The majority of birds were brown and barred, so mostly young birds or femaletypes, but there were a few gloriously distinctive adult males in the mix too. These handsome chaps had a rich redbrown back, a dove-grey head and a subtle pink wash to the breast, with a full black bandit mask through the eye giving them a very rakish appearance. Clearly shrikes are among the vanguard of birds that migrate through Bulgaria in autumn, as nearly every bush we looked at held a shrike and sometimes there simply weren’t enough bushes to go around as birds chased each other to claim a suitable perch. It was staggering to see so many of these striking birds in one place and all so intent on feeding on those huge insects that they weren’t bothered by us being there. It may have been a shrike monoculture, but what an experience! Checking through these active birds we realised that they weren’t all Red-backed Shrikes though – there were a few Lesser Grey Shrikes too. These monochrome birds were pale grey on the back, black-and-white wings and tail, and clean white underneath, though they shared with their red-backed cousins the same hooked bill and a black bandit mask. The barring on the back and the lack of black on the forehead on most of these birds showed that they were juvenile Lesser Grey Shrikes, though Alan did pick out at least one adult among them. With this juvenile plumage, these Lesser Grey Shrikes reminded me of the similar-looking Great Grey Shrikes I have seen at home in North Wales. Most years we are lucky enough to have a couple of birds overwintering in an area of upland forest where they like recently clear-felled areas. They make a circuit covering a huge area, so catching up with one bird in a vast landscape can be tricky. It usually involves puffing up a steep hill to a viewpoint, often when the weather’s freezing and there’s snow on the ground, and then waiting patiently for the bird to show up.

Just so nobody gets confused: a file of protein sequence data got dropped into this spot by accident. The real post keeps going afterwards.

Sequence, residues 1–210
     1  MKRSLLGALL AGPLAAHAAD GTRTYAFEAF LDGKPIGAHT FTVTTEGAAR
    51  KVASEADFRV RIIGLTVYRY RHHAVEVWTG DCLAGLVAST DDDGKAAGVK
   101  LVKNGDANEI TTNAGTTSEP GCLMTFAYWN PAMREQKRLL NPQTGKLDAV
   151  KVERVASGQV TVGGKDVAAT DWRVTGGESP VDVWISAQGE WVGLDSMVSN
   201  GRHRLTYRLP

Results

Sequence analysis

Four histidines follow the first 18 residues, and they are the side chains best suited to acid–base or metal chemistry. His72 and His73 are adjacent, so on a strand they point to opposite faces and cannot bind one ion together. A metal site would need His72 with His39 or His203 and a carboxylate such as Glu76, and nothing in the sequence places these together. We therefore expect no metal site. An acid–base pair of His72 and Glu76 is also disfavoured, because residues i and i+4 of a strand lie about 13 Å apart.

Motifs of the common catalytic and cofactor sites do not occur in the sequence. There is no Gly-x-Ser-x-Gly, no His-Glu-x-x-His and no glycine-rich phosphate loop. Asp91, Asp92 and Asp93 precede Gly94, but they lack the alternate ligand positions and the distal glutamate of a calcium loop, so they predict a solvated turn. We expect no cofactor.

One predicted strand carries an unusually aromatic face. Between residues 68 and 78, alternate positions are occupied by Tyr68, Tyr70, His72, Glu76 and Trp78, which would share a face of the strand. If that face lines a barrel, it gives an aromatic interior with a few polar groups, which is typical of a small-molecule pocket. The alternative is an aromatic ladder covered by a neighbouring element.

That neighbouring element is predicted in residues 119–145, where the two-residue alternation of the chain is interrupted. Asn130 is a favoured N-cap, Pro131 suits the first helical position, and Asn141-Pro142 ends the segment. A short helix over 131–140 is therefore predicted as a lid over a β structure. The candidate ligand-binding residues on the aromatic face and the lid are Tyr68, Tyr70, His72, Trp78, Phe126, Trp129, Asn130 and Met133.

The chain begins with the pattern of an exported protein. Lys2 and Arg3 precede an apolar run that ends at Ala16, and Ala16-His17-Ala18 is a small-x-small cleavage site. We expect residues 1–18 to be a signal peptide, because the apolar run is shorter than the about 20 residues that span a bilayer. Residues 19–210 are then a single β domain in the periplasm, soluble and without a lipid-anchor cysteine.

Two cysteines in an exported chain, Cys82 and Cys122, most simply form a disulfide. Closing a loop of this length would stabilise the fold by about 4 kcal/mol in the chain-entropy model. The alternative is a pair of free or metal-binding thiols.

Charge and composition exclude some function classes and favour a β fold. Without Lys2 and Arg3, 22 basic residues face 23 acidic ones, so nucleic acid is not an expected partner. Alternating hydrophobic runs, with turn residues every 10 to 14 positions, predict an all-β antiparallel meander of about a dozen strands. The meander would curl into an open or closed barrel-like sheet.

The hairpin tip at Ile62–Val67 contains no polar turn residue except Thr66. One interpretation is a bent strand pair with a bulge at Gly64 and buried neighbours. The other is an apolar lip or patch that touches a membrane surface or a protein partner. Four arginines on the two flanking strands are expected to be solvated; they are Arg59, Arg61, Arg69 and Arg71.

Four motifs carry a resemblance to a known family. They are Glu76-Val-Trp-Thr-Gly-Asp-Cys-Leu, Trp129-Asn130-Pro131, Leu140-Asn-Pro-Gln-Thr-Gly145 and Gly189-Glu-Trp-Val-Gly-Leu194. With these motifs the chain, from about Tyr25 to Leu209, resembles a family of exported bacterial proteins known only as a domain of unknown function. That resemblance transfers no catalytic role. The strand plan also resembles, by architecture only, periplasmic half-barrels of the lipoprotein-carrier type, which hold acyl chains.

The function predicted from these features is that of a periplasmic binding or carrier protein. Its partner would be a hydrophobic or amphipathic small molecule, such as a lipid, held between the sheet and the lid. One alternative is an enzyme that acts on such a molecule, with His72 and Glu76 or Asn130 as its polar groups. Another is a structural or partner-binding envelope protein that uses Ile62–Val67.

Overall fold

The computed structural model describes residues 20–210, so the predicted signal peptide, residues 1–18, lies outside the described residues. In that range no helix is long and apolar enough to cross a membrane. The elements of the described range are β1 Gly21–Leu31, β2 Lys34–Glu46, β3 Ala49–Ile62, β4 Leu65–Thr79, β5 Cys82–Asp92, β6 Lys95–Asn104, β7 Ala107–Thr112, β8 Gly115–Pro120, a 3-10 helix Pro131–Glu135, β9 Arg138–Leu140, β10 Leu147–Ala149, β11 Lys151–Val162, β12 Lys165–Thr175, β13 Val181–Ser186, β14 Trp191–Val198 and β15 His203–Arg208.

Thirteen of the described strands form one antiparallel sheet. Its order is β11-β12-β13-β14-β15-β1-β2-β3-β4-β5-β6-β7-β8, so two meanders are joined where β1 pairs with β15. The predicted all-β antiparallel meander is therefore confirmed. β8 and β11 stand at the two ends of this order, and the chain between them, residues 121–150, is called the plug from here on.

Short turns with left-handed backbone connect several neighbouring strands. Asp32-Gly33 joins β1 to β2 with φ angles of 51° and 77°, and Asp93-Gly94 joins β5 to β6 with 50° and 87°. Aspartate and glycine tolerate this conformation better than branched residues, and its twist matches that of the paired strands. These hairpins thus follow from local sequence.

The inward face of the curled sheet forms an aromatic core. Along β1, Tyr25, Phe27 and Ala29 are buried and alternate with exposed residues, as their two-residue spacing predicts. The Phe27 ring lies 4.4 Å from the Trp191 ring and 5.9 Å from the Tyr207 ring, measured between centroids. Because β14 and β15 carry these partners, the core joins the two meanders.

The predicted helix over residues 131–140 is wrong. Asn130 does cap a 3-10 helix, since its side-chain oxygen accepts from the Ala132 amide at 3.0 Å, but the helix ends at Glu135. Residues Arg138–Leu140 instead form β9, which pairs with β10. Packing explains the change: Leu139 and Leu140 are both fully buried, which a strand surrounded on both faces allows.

Patience pays off
You scan thousands of conifers looking for a pale blob and for a long time nothing shows. It can be bleak and foot-stampingly cold on this exposed spot, but suddenly a Great Grey Shrike appears from nowhere and excitement levels soar. It drops to the ground to catch something and flies back up to the tree to impale its prey. On one occasion we found an unfortunate Blue Tit skewered on a spike, but being a butcher bird is an effective way for shrikes to survive in a hard winter. So, with the hot Bulgarian sun beating down on my back, I soaked up the views of these Red-backed and Lesser Grey Shrikes here, and wished them well on their journey south. And buried the thoughts of cold feet and Great Grey Shrikes; that’s an adventure for another place and time. Ruth Miller is one half of The Biggest Twitch team, and along with partner Alan Davies, set the then world record for most bird species seen in a year – 4,341, in 2008, an experience they wrote about in their book, The Biggest Twitch. Indeed, Ruth is still the female world record-holder! As well as her work as a tour leader, she is the author of the Birds, Boots and Butties books, on walking, birding and tea-drinking in North Wales, and previously worked as the RSPB’S head of trading. She lives in North Wales. birdwatchingtrips.co.uk
Adult male Red-backed Shrike
Ruth’s group found one adult Lesser Grey Shrike Kaliakra Peninsula, Bulgaria – Ruth’s birding hotspot